Dzah, who previously practised as an attorney and taught law in Ghana, focuses his research on international environmental law, public international law, climate change and sustainable development law. Dzah earned both a BA and LLB from the University of Ghana, a Qualifying Certificate in Law at the Ghana School of Law, and an LLM from Harvard Law School.

He completed a United Nations-Nippon Foundation fellowship at the Schulich School of Law, Dalhousie University and the Division for Ocean Affairs and the Law of the Sea, Office of Legal Affairs at the United Nations Secretariat. He also holds a PhD in Law from the Peter Allard School of Law, University of British Columbia, where his dissertation, Sustainable Development: Africa’s Hidden and Not-So-Hidden Contribution to its Law, Politics and History, was awarded the Dean’s Prize for the Best Doctoral Thesis in Law.

When it comes to his approach to teaching, Dzah said adaptability is key. “My approach to teaching is to develop in students a balanced understanding of legal rules and an equivalent ability to apply these rules to real-life situations. But more importantly, my teaching approach is informed by the understanding that learning is a lifelong activity. So, I aim to sustain the interest of students even beyond the classroom,” he said.

An established writer of a number of publications relating to environmental law, international law and law of the sea, his work has appeared in peer-reviewed journals including the African Journal of International and Comparative Law and the Ocean Yearbook. Dzah recently co-authored The African Human Rights System as ‘Norm Leader’: Three Case Studies that was published in the African Human Rights Law Journal in 2021.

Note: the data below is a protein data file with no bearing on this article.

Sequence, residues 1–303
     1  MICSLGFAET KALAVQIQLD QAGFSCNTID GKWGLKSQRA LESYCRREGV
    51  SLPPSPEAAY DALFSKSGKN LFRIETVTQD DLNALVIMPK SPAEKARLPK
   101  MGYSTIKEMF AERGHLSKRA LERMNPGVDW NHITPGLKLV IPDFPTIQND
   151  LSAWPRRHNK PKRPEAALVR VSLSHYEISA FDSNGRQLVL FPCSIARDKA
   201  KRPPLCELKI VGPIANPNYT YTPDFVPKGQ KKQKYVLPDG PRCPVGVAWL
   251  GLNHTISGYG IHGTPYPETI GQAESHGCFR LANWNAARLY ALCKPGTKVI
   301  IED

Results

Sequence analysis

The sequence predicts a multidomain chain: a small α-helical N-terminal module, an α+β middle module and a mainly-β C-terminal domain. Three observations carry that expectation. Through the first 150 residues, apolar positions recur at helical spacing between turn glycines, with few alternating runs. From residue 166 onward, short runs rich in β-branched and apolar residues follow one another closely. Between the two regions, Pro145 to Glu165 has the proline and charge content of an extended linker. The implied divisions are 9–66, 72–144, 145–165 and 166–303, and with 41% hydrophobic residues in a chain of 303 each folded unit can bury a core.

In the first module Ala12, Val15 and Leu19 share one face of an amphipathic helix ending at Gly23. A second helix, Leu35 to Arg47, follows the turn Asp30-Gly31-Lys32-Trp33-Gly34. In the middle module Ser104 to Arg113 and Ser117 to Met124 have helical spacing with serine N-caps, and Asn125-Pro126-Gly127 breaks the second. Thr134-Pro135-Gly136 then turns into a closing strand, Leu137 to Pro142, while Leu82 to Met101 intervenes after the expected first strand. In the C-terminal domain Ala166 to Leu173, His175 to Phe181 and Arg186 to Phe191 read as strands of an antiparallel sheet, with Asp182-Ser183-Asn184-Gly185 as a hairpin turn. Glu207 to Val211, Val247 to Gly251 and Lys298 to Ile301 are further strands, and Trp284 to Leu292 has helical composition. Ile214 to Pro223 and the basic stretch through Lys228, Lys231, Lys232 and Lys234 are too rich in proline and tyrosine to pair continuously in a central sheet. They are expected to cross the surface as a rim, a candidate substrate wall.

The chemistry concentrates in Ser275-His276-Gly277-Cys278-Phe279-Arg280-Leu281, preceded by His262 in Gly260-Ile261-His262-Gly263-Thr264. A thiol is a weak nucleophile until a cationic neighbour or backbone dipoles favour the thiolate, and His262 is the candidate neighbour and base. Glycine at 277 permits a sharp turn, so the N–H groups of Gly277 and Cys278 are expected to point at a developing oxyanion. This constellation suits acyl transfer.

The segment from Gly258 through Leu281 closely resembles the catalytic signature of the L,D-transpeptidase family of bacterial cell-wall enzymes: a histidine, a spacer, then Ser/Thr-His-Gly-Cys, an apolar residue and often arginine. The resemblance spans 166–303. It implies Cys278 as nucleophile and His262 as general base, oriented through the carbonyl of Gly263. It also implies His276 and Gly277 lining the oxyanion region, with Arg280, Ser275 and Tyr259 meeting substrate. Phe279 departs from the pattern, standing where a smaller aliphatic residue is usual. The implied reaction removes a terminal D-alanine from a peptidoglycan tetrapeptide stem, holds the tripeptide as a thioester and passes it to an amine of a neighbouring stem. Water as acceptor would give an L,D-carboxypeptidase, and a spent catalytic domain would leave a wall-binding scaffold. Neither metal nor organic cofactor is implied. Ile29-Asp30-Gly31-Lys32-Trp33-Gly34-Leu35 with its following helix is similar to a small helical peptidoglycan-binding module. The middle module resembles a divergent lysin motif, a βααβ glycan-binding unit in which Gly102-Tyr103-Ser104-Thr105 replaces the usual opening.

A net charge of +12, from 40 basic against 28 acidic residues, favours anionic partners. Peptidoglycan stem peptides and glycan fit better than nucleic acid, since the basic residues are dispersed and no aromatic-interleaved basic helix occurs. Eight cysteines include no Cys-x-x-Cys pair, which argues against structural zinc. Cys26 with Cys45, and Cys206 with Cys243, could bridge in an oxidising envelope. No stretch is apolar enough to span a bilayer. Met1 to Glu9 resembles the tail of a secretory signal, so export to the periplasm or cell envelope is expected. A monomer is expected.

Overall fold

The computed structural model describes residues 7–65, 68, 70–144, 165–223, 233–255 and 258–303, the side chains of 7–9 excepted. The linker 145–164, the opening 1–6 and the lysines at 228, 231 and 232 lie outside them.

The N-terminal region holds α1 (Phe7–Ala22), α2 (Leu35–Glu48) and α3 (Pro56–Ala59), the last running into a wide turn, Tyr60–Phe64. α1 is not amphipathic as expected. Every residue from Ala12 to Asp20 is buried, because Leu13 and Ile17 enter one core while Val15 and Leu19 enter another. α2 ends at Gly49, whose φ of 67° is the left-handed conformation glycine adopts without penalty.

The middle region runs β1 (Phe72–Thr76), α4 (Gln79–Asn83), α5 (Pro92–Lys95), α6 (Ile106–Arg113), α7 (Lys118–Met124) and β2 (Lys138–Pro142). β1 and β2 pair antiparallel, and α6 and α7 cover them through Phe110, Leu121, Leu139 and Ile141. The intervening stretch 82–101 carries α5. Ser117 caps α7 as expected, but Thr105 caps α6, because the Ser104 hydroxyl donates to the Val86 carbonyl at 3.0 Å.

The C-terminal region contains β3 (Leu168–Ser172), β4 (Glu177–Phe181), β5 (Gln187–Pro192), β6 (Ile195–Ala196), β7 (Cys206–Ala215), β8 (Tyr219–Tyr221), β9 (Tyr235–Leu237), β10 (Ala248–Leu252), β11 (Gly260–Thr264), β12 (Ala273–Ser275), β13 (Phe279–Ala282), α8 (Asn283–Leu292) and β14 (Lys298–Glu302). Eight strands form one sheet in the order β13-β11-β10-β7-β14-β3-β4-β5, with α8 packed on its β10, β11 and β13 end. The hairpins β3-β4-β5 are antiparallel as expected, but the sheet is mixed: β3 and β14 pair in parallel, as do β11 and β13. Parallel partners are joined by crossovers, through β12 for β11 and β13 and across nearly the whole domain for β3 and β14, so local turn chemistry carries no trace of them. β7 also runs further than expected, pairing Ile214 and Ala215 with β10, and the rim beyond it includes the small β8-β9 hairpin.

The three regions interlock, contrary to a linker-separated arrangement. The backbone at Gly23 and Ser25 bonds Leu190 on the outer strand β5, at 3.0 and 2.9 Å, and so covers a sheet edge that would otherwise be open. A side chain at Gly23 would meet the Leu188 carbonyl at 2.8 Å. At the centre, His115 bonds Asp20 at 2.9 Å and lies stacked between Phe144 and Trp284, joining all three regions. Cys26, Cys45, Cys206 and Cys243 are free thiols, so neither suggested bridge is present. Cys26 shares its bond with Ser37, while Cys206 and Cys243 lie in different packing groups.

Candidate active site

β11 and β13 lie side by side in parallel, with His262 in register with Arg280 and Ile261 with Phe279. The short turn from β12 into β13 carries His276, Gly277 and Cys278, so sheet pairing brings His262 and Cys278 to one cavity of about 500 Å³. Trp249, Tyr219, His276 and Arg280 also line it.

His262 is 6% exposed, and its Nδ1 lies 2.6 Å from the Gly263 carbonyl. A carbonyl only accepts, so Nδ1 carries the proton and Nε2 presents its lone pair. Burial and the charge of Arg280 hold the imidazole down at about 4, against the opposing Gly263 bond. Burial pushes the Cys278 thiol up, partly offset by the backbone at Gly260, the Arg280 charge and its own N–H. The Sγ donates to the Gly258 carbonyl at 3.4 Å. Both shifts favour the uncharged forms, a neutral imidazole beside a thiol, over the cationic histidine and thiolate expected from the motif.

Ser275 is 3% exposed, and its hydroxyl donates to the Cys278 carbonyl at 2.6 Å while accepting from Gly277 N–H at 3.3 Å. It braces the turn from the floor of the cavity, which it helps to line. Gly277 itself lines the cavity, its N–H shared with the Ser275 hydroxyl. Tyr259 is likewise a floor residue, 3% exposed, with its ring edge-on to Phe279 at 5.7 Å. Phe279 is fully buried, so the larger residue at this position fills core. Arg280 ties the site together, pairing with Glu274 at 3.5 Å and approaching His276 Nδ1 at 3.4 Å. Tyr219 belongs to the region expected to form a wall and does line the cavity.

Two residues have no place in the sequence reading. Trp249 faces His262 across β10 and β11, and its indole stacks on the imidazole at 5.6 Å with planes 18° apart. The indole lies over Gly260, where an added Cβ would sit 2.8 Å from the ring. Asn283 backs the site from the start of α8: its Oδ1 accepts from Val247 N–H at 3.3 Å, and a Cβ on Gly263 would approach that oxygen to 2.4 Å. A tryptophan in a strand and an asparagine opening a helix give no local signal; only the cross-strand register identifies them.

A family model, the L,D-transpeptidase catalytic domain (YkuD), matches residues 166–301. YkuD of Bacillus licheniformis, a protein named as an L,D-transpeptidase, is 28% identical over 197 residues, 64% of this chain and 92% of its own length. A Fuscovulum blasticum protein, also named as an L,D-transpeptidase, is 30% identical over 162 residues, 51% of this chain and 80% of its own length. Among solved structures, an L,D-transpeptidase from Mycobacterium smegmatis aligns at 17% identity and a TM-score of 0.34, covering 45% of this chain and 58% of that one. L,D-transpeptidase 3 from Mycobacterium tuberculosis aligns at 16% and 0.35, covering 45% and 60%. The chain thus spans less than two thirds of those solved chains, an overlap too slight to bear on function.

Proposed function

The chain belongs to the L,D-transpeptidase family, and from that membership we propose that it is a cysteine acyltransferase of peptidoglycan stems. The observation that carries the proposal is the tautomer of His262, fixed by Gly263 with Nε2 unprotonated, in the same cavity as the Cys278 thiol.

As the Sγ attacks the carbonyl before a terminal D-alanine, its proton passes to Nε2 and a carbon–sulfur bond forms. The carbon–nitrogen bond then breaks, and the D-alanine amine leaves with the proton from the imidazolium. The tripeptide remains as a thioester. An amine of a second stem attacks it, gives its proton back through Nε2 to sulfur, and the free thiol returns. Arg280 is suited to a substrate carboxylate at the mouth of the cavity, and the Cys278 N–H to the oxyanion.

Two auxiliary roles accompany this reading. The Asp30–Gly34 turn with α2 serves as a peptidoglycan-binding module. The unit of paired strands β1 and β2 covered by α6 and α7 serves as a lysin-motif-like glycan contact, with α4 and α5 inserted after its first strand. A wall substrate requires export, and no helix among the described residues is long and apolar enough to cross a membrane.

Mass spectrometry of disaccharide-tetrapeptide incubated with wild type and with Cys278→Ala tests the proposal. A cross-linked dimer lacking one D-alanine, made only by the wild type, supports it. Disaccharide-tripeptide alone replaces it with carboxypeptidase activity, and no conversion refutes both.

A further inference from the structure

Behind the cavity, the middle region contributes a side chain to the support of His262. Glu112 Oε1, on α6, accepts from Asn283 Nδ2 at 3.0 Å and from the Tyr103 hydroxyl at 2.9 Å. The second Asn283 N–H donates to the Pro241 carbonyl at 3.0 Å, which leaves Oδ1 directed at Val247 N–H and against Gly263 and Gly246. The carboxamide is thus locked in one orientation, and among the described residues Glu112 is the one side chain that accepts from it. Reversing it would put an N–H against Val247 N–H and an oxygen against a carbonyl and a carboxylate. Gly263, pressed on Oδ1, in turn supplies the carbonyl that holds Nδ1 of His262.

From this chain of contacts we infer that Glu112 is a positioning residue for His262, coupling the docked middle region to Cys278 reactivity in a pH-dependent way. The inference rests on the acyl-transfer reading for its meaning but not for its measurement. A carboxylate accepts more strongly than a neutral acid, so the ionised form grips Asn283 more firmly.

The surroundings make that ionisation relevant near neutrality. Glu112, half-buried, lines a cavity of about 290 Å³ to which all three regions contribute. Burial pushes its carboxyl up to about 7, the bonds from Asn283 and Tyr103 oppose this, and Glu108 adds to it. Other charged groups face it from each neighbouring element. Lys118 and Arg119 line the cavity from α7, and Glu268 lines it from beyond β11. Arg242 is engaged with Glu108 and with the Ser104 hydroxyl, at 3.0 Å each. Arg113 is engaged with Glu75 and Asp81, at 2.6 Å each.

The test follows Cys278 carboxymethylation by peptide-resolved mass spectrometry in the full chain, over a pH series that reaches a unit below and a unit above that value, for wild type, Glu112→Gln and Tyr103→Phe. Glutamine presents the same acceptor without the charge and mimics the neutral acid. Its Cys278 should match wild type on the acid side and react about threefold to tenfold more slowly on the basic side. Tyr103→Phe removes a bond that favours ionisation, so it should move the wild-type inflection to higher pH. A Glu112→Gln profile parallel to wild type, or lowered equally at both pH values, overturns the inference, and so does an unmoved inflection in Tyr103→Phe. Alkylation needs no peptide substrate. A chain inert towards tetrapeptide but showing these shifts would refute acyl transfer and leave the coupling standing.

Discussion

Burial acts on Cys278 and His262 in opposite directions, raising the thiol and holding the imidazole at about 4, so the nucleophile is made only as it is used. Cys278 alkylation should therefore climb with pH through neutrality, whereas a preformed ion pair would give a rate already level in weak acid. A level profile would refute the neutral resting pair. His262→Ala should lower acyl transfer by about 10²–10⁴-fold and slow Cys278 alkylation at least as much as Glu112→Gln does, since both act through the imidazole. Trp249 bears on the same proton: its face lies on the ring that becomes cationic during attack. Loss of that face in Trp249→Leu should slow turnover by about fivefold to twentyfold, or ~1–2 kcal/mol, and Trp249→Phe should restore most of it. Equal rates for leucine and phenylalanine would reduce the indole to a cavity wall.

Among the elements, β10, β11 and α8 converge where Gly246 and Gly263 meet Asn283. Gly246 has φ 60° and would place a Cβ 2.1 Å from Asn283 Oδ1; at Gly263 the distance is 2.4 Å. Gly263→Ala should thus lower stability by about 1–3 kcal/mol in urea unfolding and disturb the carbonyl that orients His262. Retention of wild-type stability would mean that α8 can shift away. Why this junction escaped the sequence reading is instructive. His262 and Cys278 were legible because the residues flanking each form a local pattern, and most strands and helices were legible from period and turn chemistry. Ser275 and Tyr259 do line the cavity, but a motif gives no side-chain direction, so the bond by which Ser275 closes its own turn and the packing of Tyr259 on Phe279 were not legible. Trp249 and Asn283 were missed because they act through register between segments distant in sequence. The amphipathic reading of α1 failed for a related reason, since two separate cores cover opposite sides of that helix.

Dzah has consulted locally and internationally for state agencies, international organizations, and research institutions in the areas of environmental law, law and development, and human rights in Ghana and other parts of Africa as well as in Canada.

Rebeca Macias Gimenez

Rebeca Macias Gimenez will join the Faculty as a full-time assistant lecturer beginning September 1. Macias Gimenez – who holds a PhD from the University of Victoria where she focused on Indigenous and environmental issues – brings a wealth of knowledge and experience to this position.

During the Fall and Winter terms of the 2022-23 school year, she will teach Constitutional Law to first-year students. During the Winter term, she will also teach a course on Indigenous peoples and the law.

“When I first learned the news I was thrilled,” said Macias Gimenez of being offered the new role. “It will be an honour to share some of my experiences and interests with students.”

Macias Gimenez is already acquainted with the Faculty. Since 2021 she has been pursuing postdoctoral work remotely at the Faculty under Professor Hadley Friedland's supervision. As part of this work, she has been examining how the Dunne-zaa and Cree communities on Treaty 8 territory in northern British Columbia affirm jurisdiction over their territory and make decisions about natural resources.

“The University of Alberta has one of the best law schools in Canada, she said. “I am looking forward to being part of this community!”